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Asa Philip Randolph

From lawbrain.com

Asa Philip Randolph played a central role in the drive for civil rights for African Americans from the 1920s to the 1970s. He was the most prominent African American labor leader during his lifetime, but his leadership went well beyond the struggle to integrate labor unions. As the founder of the Brotherhood of Sleeping Car Porters, he confronted U.S. presidents from

Franklin d. roosevelt to John F. Kennedy over the slow pace of civil rights reform.

Randolph was born April 15, 1889, in Crescent City, Florida. He moved to New York City as a young man, where he attended City College of New York. He joined the Socialist party and campaigned against U.S. involvement in World War I, going so far as to attack W. E. B. Du Bois, one of the founders of the National Association for the Advancement of Colored People (NAACP), for urging African Americans to serve in the armed forces.

His life's work grew out of a request by Pullman car porters to help them organize a union. In the 1920s railroads dominated U.S. transportation. The dining cars, club cars, and sleeping cars of passenger trains were staffed by African American porters, who earned their money primarily from the tips of passengers. Ignored by the American Federation of Labor (AFL), the porters turned to Randolph for assistance.

Randolph sought from the Pullman Company recognition of the union, improved working conditions, and a minimum wage. The struggle took twelve years, but Randolph finally achieved these goals. Despite his success the AFL continued to refuse to allow black members.

World War II thrust Randolph into the national spotlight when, in 1941, he demanded that President Roosevelt ban racial discrimination in defense industries. Randolph informed the president that if his demand was not met, he would organize a mass march on Washington, D.C. Roosevelt capitulated, signing an order that integrated industries accepting federal defense contracts and which established the Fair Employment Practices Committee.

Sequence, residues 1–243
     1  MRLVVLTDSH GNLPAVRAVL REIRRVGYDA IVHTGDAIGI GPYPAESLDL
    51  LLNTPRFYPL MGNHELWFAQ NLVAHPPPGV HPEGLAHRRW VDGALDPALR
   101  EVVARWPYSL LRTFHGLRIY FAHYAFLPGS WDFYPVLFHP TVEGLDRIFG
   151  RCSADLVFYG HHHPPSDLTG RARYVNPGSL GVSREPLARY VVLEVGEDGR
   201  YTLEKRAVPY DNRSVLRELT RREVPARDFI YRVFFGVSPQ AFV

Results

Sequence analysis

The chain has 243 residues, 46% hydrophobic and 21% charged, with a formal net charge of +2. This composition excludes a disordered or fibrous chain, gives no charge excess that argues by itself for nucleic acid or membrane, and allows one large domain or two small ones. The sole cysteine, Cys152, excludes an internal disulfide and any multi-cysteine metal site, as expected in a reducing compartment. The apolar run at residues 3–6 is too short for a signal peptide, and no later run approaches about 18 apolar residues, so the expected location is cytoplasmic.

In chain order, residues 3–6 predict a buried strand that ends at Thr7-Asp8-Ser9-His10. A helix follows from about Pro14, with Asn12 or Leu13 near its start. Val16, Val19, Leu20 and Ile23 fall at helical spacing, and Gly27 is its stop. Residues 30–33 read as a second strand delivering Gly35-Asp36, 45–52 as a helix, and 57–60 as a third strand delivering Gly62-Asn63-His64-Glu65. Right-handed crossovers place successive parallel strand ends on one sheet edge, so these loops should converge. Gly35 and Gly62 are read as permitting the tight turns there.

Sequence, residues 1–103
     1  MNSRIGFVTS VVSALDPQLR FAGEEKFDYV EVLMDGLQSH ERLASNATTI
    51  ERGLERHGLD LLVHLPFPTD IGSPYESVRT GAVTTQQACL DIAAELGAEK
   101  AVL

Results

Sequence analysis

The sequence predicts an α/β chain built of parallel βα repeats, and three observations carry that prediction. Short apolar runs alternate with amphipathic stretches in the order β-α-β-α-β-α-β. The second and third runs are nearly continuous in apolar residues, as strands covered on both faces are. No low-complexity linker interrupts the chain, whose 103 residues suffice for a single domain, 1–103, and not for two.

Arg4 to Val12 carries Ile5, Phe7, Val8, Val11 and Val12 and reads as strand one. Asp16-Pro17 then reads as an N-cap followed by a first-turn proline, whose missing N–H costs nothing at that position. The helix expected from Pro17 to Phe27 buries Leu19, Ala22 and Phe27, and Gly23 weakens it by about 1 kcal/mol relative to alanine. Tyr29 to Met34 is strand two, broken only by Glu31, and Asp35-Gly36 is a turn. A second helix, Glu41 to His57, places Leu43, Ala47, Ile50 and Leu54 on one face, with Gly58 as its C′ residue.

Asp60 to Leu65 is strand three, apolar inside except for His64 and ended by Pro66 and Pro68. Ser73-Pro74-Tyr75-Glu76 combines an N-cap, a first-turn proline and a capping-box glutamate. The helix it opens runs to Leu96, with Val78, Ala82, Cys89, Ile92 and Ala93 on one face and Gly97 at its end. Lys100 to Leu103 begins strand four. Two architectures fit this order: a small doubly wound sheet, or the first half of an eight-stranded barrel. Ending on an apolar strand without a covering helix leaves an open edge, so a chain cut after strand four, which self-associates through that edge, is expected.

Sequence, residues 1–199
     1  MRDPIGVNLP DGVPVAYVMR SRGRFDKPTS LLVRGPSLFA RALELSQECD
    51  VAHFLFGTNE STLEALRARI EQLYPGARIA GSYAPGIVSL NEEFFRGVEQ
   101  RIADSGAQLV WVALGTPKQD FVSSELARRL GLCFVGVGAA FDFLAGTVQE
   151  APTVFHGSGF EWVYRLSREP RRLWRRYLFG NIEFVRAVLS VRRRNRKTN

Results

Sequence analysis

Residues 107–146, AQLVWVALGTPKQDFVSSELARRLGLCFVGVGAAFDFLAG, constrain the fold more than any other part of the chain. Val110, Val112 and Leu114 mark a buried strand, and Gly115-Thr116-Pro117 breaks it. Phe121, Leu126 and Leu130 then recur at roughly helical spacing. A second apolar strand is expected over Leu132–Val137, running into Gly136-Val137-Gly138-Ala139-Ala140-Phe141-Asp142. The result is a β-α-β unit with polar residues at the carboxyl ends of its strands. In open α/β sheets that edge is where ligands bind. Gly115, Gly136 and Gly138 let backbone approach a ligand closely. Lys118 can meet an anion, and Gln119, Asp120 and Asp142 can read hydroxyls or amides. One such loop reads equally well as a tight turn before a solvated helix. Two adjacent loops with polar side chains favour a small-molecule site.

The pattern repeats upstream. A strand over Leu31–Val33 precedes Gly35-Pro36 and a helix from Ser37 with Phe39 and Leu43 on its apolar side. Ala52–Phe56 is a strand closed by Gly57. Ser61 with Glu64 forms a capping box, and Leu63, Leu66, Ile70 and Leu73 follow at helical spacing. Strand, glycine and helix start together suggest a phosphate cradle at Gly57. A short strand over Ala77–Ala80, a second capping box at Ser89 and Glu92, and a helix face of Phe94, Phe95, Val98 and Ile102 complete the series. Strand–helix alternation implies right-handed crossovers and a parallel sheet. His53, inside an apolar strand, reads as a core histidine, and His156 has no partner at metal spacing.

The membership of the Brotherhood of Sleeping Car Porters (now part of the Brotherhood of Railway and Airline Clerks) declined in the 1950s, as airlines and automobiles became the dominant modes of long-distance transportation. Randolph continued to ascend, however, as he became vice president of the American Federation of Labor and Congress of Industrial Organizations (AFLCIO) in 1957.

The only prominent African American to head a union, Randolph refused to act as a mere symbol of racial integration. He repeatedly urged the AFL-CIO to integrate its unions, earning the displeasure of the organization's leadership, including President George Meany.

Randolph again achieved national prominence for promoting a march on Washington, D.C. In 1963 he called for a march to protest racial discrimination and to demand jobs for African Americans. He later agreed to join forces with other civil rights leaders, including Dr. Martin luther king jr., who had called separately for a march on Washington that would focus on the need for civil rights legislation. Randolph was given the job of organizing the march. On August 28, 1963, the March on Washington for Jobs and Freedom took place in front of the Lincoln Memorial. More than 200,000 people heard King's "I Have a Dream" speech, and many millions watched on television. Randolph played a central role in this important event.

Randolph continued in the 1960s and 1970s to lobby for civil rights legislation and jobs for African Americans. He died May 16, 1979, in New York City.

Further Readings

Jervis, Anderson. 1974. A. Philip Randolph: A Biographical Portrait. New York:: Harcourt Brace Jovanovich.

Neyland, James. 1994. A. Philip Randolph. Los Angeles: Melrose Square.

Pfeffer, Paula F. 1990. A. Philip Randolph: Pioneer of the Civil Rights Movement. Baton Rouge: Louisiana State Univ. Press.

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